We all have cell phones. They are integrated as a near-necessity in our daily lives, and every one of our devices needs to connect to the mobile network, and companies need to keep track of us so they can figure out how much we owe for our service. The SIM card, or “subscriber identity module,” does the heavy lifting in that connection. SIM cards have been around for a long time, and steps are being taken (eSIMs and iSIMs) to upgrade the tech and reduce the space necessary information takes up in our devices.
You may still have a SIM card in your device because cell providers want to keep SIM cards active on their carrier for as long as possible. If a carrier said they would deactivate all their SIM cards and force people onto eSIM cell phone plans, they would likely lose a chunk of their user base as anyone who wanted to keep their physical SIM card would move to a carrier that allowed that. The switch will happen eventually, but there are a lot of forces keeping physical SIMs active.
This article will cover SIM cards, eSIM cards, the Internet of Things, and iSIM cards. While there’s a lot of talk about SIM cards and how the transition to eSIM will affect your mobile device, real breakthroughs are happening in smart devices worldwide. As the name suggests, embedded SIM cards are stuck in the device. As a result, they are remotely reprogrammable, which is huge for companies with thousands or millions of smart devices spread out across a factory or urban area. More on that later. Let’s jump into our article and start with the history of SIM cards.
SIM cards have been around for a rather long time. They started as a way for users to track their phone usage so companies could charge them accurately each month. SIM cards started out with some serious size, but that was when phones were much larger than they are today. As phones have gotten smaller and more complicated, SIM cards have reduced in size to keep up with the new technology. Nano SIM cards, the smallest standard size, are now way bigger than they need to be compared to the information they have to store. SIM cards store the information that designates your phone and lets it connect to the network, but it stores the same information they did in the nineties. Let’s travel back there to a time when SIM cards were the size of a credit card and look at — The Standard SIM
In an age where phones were much larger, people would carry around, in essence, a credit card with SIM information that contained their billing information. Whenever they got to a phone, they would slot it in and could use the phone to make calls. This was a nice way to utilize phones, as you could move any number of phones a day and pay for each of them on the same account rather than carrying around enough change for payphone use. Interestingly, the chip on physical SIM cards is the same model as chips in credit cards (ISO/IEC 7816). When swapping phones was this ordinary, the slot to input a Standard SIM was easy to access and operate, not like the tiny SIM slots we have on phones today.
As phones increased in portability and decreased in size, there was a need for smaller SIM cards. The actual SIM portion never took up the whole card, so it was easy to design a smaller model to fit into a phone and stay there. Thus, the Mini SIM came to be. This much smaller card saved on space and became semi-permanent in devices. If they so chose, people could still swap out their SIM cards, but they no longer had to, as they always carried their personal phones with them.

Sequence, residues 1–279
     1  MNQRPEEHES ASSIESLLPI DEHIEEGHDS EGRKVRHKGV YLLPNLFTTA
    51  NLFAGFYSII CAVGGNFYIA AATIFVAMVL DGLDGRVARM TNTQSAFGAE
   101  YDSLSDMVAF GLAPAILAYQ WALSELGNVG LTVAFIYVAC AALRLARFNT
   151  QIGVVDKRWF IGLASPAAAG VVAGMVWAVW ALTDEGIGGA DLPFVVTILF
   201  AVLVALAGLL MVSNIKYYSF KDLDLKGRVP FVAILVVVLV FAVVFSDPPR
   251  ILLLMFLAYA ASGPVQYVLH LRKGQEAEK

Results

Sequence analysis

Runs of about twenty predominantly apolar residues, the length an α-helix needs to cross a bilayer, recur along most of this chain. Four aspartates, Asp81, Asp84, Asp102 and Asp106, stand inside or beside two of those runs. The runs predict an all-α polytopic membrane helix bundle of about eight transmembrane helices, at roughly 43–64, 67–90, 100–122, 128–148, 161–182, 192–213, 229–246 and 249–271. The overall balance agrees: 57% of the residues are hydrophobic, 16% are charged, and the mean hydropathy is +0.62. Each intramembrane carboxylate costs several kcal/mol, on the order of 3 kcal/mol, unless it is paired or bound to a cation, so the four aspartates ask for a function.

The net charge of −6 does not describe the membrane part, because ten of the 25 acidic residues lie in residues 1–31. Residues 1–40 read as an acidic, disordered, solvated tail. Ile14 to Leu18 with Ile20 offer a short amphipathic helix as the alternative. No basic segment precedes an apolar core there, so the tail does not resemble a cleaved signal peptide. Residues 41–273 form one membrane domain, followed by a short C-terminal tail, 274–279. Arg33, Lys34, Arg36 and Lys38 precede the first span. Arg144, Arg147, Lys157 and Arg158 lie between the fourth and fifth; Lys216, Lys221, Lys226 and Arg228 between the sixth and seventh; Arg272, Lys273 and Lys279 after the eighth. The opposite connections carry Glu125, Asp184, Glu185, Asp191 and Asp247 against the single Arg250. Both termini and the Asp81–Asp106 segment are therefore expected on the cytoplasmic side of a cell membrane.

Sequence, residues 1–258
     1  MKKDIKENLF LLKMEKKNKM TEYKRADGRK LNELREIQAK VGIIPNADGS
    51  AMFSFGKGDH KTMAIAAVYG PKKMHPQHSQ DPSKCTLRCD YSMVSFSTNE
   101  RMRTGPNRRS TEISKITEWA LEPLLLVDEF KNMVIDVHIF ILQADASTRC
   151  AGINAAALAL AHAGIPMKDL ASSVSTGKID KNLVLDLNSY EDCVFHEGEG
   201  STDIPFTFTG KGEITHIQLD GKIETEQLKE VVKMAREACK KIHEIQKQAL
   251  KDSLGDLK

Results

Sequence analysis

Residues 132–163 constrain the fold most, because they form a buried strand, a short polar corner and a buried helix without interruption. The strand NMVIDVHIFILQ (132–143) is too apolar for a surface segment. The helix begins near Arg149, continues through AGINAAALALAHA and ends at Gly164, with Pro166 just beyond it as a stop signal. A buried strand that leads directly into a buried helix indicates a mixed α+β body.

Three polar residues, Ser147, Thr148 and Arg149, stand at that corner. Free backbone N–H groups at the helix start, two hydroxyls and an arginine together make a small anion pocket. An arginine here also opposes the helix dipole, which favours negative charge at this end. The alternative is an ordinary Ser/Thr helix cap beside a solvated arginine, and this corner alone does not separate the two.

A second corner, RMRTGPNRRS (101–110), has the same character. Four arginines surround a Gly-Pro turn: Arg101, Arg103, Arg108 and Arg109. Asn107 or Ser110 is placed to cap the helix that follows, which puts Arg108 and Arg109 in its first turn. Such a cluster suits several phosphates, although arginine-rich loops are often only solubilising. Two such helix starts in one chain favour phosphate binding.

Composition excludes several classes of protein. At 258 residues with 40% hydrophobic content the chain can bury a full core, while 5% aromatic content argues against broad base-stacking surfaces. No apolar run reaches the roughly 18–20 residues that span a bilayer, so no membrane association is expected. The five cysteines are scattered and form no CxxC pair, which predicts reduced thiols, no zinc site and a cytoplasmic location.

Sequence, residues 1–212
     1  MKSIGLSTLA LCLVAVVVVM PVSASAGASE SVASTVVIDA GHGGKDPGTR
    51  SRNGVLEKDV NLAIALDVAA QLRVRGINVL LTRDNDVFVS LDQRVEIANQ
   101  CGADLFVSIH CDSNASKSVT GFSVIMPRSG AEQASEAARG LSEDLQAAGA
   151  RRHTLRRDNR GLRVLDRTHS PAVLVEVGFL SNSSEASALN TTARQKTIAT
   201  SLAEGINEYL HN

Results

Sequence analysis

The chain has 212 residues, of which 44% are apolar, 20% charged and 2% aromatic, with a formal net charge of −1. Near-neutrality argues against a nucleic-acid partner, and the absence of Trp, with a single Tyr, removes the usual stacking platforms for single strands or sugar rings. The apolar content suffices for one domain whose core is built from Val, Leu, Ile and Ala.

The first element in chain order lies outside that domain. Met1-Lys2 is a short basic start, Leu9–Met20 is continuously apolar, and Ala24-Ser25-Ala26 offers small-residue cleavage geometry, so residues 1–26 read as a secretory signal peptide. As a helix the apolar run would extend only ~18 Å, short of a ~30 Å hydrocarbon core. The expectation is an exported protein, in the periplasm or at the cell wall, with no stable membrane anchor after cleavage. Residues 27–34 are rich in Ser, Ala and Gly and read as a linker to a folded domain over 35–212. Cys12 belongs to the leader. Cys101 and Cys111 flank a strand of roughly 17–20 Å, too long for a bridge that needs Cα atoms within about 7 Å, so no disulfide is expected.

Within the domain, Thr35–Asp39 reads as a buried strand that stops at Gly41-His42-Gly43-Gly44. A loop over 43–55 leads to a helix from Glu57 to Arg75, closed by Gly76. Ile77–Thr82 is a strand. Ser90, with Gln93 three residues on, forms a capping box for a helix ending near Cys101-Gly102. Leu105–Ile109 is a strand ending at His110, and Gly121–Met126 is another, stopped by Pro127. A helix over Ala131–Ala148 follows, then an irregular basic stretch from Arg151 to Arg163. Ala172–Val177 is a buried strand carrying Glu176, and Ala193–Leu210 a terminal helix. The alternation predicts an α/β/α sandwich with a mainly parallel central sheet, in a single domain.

What connects your smart device to a mobile network? A SIM card, of course! They use a bit of your phone’s power to broadcast your phone to the network. They have some storage space (usually 265 KB) but are very size-inefficient compared to the alternatives. With increases in technology, the size of a nano SIM card (holding 256 KB) if converted to storage, could hold around 1 TB of data. That’s a pretty significant difference. If you recall the outrage about removing headphone jacks in the past, you may deduce that phone manufacturers take their space pretty seriously. Every phone's millimeter must be optimized to maximize storage, processing power, camera strength, and battery life. In the age of this optimization, we arrive at the eSIM card. Let’s get into it.
The physical SIM card has gotten smaller over the years but remains an insertable chip into your phone. With the entrance of eSIM (embedded SIM) cards, they no longer are a chip inserted into your phone, they are a part of the hardware inside.
Phone manufacturers have embedded SIM cards to save major space within the device. Nano SIM cards are pretty much as small as physical SIMs can get in their current form, so a more efficient card is needed to become hardware embedded within the device. They still do the same things but are much smaller and can now be reprogrammed with different carriers and wireless providers as needed. Embedded SIM cards started at about half the size of nano SIM cards and are now about 2mm square. The switch to an embedded SIM card saves a lot of space as it also means there is no SIM card tray or SIM card opening. These open up a lot of space saved. The first eSIM cards were on smartwatches, where the space starts smaller, and eSIM cards let them connect to the internet without worrying about the whole physical SIM card aperture.
As we said in the opening, the desire for backward compatibility has kept SIM slots in many phones, but some of the newest phone models are without SIM card compatibility. The iPhone 14 series is eSIM only, as well as some of the Galaxy S23 series. This puts a soft cap on how long physical SIMs will remain on the market. When, for instance, the iPhone 13 series gets so old that they are no longer functional, then iPhones will be eSIM only! The exact timeline may depend on when carriers start moving to eSIM only, but only time will tell.
The switch from physical SIM to eSIM on the same phone is relatively straightforward. If you are changing devices, all you need to do is choose a mobile phone that supports eSIM cards, pick out a plan, and choose the eSIM option when you check out.
In terms of operation, eSIM cards make switching carriers a bit easier and harder to switch devices. At the end of the day — not a big deal.